The PLO has demilitarized to more than 90%, according to Abbas, the six-year old Intifada, and practically brought the demilitarized uprising to a standstill too, while incessantly repeating its willingness to immediately go into unconditional negotiations with the Israel.
Late Palestinian leader Yasser Arafat led the PLO and his Fatah movement to a mutual recognition with Israel, renounced violence and revoked the Palestinian National Charter, and reinforced the autonomy of the PA, which he got in return, with "state security courts" in order to swiftly punish the "enemies of peace" with Israel; in 1996 more than 2000 of those "enemies of peace" were imprisoned and tortured. His successor Abbas condemned their violent anti-occupation resistance as terrorist acts.
Both men received nothing in return for all their "good will." They were disavowed as no partners in the deadlocked peace process. Israel besieged Arafat in his own office in the West Bank town of Ramallah for three years until his death on November 11, 2004, suspiciously by poison. Their signed accords were all violated by Israel who reoccupied their autonomous gains as the Israeli state terrorism against their people continue to this day unabated, rendering all their peace endeavors counterproductive and futile and leading to Hamas' landslide electoral victory.
For years, Israel had been leaving no stone unturned in its effort to precipitate a Palestinian civil war. In the early days after the Oslo Accord, it pressurized the Arafat to crack down on Hamas, but he did not fall into the Israeli trap. Abbas also evaded falling into the trap by insisting on dialogue to maneuver Hamas into ceasefire through joining the political process, leading Israelis to accuse him of "dialogue with terror," and successfully averted infighting, but the tight siege imposed on the PA since Hamas' electoral victory in January 2006 seems to be loosening his resolve.
Should the US and Israel push the Hamas-led government to the wall, they may trigger a third Palestinian Intifada, Misha'al had warned in Cairo. Should the Palestinian divide be denied Arab mediation and further fueled to slide into a civil war the Palestinian - Israeli peace process would be deferred indefinitely and none in the proximity would be spared the repercussions.
Mediation by marginal PLO factions, Egypt and the Organization of the Islamic Conference (OIC) secured last week a ceasefire in the low key infighting in the Gaza Strip, which claimed more than 325 lives and more than 4,000 wounded in 2006, according to Abbas, but the national dialogue is still deadlocked.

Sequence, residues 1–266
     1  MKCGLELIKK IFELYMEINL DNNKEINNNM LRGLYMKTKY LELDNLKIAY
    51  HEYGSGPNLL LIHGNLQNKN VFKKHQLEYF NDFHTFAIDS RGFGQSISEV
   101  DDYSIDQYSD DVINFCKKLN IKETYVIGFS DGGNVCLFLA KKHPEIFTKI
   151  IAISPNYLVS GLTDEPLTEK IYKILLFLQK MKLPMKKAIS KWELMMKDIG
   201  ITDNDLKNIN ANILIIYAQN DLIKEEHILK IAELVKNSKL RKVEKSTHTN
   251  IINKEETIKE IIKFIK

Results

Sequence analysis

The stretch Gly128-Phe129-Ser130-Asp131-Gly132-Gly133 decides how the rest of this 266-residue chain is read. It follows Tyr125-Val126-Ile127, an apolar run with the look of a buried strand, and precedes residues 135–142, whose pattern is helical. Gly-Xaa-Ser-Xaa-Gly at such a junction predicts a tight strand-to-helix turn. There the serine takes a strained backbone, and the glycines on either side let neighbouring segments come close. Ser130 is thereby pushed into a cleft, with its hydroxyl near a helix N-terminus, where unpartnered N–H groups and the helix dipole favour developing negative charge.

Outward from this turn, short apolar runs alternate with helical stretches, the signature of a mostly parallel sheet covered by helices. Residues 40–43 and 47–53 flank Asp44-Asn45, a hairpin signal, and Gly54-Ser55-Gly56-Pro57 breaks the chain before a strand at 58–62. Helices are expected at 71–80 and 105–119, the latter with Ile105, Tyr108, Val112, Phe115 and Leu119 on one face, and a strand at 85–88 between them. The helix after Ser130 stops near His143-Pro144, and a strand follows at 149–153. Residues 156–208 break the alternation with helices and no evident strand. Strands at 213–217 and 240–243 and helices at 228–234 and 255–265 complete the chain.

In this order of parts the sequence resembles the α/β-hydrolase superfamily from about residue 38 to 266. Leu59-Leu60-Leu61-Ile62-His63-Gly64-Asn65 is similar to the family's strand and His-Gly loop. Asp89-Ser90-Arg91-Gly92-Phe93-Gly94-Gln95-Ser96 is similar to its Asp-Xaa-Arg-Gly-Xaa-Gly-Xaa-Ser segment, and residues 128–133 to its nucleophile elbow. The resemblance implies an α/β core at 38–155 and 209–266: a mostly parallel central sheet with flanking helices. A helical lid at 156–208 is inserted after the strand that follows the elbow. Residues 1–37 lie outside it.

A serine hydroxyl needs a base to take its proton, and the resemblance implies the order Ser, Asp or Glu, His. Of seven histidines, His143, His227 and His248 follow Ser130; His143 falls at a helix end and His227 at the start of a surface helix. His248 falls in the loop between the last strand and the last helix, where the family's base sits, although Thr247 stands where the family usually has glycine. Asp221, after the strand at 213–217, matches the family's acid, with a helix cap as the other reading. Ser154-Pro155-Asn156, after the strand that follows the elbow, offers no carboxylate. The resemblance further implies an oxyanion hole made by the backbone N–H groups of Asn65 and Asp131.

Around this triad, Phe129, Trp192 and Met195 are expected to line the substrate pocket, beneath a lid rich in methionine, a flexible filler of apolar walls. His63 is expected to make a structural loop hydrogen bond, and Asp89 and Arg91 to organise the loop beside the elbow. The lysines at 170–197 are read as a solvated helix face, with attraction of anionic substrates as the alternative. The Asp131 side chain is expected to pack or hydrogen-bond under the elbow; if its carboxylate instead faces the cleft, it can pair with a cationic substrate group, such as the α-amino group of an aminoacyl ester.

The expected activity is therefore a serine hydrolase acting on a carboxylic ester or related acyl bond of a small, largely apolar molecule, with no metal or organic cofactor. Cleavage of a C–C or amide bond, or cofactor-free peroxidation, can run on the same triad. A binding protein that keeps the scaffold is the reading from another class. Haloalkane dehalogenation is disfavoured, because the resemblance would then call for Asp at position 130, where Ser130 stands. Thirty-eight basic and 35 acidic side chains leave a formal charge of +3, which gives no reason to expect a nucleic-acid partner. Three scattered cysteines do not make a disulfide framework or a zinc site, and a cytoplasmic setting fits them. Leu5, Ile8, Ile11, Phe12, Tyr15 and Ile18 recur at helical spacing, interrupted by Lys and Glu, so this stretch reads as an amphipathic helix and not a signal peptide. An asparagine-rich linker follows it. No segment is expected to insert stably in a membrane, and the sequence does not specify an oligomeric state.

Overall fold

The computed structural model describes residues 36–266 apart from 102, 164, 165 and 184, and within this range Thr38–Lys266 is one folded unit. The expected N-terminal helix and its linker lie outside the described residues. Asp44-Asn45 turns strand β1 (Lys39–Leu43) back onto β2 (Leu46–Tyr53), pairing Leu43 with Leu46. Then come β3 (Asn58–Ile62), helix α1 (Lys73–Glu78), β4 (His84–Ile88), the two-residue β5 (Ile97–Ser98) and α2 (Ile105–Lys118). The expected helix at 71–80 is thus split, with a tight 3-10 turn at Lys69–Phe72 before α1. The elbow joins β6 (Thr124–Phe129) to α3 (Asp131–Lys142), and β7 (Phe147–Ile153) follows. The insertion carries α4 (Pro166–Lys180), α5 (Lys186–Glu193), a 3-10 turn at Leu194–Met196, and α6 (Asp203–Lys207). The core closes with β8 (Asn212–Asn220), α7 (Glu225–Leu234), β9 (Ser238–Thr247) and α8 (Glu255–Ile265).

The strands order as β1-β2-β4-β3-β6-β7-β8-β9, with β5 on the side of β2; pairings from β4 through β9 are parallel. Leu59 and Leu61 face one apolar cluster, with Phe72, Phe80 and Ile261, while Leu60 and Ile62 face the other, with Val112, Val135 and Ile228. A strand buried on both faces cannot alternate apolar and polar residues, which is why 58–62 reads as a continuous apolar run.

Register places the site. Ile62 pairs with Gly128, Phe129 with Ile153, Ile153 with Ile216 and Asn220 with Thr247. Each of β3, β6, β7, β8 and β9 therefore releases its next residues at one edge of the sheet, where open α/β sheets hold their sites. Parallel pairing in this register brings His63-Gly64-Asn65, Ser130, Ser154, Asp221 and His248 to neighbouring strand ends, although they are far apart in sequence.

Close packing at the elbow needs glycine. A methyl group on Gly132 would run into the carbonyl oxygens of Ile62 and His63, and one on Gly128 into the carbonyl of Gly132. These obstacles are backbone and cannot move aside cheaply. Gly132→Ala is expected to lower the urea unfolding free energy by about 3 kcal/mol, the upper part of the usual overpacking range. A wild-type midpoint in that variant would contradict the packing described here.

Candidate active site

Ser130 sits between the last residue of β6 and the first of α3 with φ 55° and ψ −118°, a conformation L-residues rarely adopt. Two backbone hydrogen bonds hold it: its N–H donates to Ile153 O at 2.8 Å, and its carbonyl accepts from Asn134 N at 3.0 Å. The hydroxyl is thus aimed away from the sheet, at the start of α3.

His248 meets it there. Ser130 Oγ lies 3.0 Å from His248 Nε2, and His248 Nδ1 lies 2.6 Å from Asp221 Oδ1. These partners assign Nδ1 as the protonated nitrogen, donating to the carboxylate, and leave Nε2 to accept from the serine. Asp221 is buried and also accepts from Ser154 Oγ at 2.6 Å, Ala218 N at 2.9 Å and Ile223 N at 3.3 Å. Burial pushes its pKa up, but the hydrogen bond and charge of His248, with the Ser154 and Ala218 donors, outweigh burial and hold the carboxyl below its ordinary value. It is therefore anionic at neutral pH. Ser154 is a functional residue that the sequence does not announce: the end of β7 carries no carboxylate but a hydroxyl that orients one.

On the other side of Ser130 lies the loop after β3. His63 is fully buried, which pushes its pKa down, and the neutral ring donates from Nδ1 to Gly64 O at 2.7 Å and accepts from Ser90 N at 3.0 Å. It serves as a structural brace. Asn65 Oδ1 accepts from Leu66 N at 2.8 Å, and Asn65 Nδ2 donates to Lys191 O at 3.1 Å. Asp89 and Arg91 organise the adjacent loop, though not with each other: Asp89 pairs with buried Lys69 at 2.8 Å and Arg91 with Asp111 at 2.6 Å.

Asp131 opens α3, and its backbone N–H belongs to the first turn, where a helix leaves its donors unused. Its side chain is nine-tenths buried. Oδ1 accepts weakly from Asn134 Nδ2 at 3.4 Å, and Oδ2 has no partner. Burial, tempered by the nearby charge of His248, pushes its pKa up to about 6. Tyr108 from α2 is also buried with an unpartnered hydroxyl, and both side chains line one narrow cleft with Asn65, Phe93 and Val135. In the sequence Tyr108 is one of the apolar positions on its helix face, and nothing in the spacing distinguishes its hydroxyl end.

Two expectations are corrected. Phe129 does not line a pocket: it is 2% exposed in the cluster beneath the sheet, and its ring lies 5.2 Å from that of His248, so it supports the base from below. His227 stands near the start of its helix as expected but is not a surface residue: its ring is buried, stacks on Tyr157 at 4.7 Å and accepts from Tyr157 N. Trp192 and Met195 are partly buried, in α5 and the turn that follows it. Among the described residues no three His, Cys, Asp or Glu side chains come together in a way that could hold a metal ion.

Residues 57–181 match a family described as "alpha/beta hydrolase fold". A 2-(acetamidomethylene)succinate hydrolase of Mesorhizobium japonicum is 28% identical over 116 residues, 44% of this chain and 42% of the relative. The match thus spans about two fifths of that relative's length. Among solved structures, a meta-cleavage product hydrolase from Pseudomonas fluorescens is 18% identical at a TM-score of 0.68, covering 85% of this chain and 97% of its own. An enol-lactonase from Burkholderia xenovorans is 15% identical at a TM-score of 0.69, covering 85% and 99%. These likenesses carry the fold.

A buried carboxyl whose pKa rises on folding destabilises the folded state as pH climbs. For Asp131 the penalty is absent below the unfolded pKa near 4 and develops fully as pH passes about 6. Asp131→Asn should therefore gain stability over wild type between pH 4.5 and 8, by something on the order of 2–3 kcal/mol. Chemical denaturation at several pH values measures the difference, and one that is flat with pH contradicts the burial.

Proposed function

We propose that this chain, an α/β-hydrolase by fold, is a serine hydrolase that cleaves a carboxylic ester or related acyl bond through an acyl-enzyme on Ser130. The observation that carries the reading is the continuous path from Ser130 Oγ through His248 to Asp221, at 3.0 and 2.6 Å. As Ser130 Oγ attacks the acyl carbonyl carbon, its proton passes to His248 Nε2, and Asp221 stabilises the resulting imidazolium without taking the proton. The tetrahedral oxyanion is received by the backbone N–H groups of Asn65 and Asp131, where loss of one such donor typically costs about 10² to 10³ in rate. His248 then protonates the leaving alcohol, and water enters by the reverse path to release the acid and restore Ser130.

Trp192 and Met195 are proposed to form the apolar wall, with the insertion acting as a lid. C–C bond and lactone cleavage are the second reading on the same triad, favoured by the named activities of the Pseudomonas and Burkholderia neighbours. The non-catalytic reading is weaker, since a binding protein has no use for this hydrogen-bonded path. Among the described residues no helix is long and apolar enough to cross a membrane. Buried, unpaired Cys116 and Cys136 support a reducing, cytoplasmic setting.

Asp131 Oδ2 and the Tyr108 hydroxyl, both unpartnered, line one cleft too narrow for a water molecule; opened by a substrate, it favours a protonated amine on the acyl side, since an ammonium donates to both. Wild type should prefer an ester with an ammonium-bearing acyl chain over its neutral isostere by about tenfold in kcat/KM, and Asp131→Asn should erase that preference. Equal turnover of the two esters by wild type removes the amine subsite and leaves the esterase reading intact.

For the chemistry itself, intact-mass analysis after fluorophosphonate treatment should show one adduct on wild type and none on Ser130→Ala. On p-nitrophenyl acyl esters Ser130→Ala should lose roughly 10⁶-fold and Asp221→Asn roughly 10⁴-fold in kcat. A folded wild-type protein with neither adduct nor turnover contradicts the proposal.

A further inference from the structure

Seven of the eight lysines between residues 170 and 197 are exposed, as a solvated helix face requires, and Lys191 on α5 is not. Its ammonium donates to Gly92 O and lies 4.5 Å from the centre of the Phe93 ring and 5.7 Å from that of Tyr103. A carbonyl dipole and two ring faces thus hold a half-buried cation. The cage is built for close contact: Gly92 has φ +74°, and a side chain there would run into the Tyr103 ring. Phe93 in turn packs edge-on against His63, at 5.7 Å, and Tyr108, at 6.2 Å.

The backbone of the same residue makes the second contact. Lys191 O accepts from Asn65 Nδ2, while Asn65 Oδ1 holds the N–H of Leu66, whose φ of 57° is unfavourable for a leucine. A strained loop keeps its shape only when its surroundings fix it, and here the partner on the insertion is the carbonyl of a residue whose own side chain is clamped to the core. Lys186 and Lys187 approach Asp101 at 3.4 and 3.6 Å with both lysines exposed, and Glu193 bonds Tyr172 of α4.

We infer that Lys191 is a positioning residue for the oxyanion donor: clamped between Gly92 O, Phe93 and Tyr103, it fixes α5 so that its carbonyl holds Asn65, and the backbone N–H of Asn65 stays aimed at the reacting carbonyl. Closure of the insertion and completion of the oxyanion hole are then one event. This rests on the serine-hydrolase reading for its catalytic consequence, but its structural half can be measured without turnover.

Under the pressures of the potential risks of an escalating Palestinian crisis, King Abdullah II on Tuesday contravened Jordan's unannounced boycott of the Hamas-led government, and in clear divergence from the all-demanding declared policy of the country's U.S. strategic ally, invited Abbas and Prime Minister Ismail Haniyeh for a joint summit in Amman, but his royal invitation has yet to be honored.
However the UAE's and Syrian middle ground between Hamas and Fatah and Palestinian presidency and government qualifies both countries for a successful mediation.
Syrian President Bashar Al Assad arrived in the UAE on Dec. 18, flying in from Yemen, and held three meetings with President Sheikh Khalifa bin Zayed Al Nahyan; next day he met with his Russian counterpart Vladimir Putin in Moscow and told reporters that "Syria backs the Palestinian national unity through forming a Palestinian national unity government."
Briefing reporters on the Russian vision on the Palestinian issue, President Assad said, "in fact... The Russian vision on Palestine is a detailed, objective and real vision and we fully agree with it... it is a vision based on the Palestinians' unity."
Assad's earlier talks in Yemen with President Ali Abdullah Saleh also discussed mediating the Palestinian divide, two days after the arrival in Sanaa of US assistant secretary for Near Eastern affairs, David Welch, for talks with President Saleh. "I'll leave it to President Saleh to convey their views to President Assad," Welch said. "They know the views of the United States," Asia Times online quoted him as saying on Dec. 22.
Should the Bush administration reconsider its currently known "views" of the Palestinian divide and engage Syria instead of alienating it, as recommended by the Baker-Hamilton report, to initiate a U.S.-Syrian understanding that could allow Damascus, hand in hand with Abu Dhabi, to break through the Hamas-Fatah divide, history could be replayed to avert a Palestinian civil war as it had put an end to the Lebanese civil war in the seventies of the last century, and could potentially make the resumption of the peace process closer than more remote on both the Palestinian and Syrian tracks of peace talks with Israel.